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Special exhibition gives overview of living of ancient Korea

Special exhibition gives overview of living of ancient Korea

Posted February. 16, 2017 07:05,   

Updated February. 16, 2017 07:11

Glass showcases are filled with piles of earthenware including various pots and bowl stands on display. They are earthenware that has been excavated at tombs in Nobyeon-dong in Daegu, and a visitor gets surprised to see the massive volume of the exhibits that completely fill up all the showcases. It is like déjà vu of the special exhibition of more than 20,000 artifacts and items from undersea boats in Shinan, which were on display en masse at the National Museum of Korea last year.

The special exhibition "Newly Discovered Remains from Ancient Villages" at the National Museum of Daegu is drawing attention through presentations that comprehensively display relics and artifacts from a historic site called “Siji” in the Daegu region from the prehistoric era to the Joseon Dynasty. The historic site did not provide glaring relics or remains of large buildings, but 55 relics including villages, tombs and historic kiln sites have been discovered at once from an area extending 21.5 million sq. meters. They are considered core resources in the study of ways of living that allow people to look into the routine of daily life and death of ordinary ancient people rather than kings or noblemen.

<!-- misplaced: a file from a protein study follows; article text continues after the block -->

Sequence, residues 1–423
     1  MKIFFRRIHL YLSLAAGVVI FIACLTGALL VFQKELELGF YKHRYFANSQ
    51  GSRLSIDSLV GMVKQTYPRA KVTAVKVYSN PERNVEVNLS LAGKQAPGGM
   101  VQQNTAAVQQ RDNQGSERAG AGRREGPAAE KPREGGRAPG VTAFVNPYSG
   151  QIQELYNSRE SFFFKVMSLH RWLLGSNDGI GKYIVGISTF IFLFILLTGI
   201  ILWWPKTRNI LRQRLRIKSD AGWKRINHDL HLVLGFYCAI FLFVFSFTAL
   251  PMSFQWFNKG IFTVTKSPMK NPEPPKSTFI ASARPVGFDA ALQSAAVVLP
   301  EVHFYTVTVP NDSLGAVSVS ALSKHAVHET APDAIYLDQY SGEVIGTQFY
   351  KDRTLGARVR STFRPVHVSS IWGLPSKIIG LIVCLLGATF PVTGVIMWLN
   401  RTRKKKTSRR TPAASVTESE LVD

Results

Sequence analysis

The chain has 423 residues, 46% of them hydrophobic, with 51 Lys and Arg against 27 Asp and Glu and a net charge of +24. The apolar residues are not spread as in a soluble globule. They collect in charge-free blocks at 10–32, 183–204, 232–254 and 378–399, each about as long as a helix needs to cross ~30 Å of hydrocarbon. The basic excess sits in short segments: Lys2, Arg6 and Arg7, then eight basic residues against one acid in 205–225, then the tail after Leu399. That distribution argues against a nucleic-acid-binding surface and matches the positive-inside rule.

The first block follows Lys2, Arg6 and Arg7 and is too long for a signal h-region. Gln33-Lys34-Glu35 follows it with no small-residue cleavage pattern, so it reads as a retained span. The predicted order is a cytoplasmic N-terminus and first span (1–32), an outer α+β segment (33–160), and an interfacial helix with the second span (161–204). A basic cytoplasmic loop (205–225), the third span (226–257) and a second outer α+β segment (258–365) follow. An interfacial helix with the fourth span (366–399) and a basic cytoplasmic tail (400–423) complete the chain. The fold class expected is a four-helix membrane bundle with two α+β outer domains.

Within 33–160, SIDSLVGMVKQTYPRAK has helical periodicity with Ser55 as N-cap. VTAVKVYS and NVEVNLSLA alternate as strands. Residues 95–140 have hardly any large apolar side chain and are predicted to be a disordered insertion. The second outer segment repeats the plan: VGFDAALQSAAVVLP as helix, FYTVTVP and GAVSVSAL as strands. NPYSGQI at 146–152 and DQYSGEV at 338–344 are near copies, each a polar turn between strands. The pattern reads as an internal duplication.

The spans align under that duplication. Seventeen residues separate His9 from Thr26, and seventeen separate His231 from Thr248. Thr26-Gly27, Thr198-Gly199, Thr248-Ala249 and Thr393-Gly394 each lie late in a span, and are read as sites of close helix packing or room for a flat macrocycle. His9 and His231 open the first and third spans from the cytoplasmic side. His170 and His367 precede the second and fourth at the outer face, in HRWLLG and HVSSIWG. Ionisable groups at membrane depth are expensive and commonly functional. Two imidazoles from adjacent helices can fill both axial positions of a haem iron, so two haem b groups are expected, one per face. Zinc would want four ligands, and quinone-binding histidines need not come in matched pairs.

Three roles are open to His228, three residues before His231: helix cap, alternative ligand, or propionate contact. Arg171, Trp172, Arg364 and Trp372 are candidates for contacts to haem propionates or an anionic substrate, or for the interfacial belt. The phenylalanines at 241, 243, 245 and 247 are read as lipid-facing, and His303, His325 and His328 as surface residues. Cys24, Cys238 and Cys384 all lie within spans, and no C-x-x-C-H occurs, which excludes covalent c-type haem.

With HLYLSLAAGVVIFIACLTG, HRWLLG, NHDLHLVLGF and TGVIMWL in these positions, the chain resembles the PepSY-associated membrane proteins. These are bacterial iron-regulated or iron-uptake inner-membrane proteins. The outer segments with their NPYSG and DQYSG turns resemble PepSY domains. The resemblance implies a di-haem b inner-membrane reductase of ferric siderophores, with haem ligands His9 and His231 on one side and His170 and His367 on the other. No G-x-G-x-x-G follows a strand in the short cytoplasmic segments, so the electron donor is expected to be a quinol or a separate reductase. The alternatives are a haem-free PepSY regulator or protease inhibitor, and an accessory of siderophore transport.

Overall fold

The special exhibition showcases 10,000 of more than 40,000 articles that were discovered from the historic site from excavation work at "Siji," which has continued from 1992 to today. It is an unprecedented trial in which 25 percent of all items excavated are exhibited at once. The historic site was a place where a lodging facility called ‘Won’ was sitting in the Joseon Dynasty.

Special Exhibition Hall 2 shows forth earthenware from kiln sites of the Three Kingdoms Period, pottery-making tools, and various iron tools. Earthenware, ironware and artifacts excavated from ancient tombs from the Three Kingdoms Period also draw keen attention from visitors. Archeologists say that there were more than 40 kiln sites for earthenware production at the historic site from the 4th Century to 6th Century. Ironware was produced at the site beginning in the mid-5th Century. Special Exhibition Hall 1 will run the exhibition through August 6, and Special Exhibition Hall 2 through April 2.

Sang-Un Kim sukim@donga.com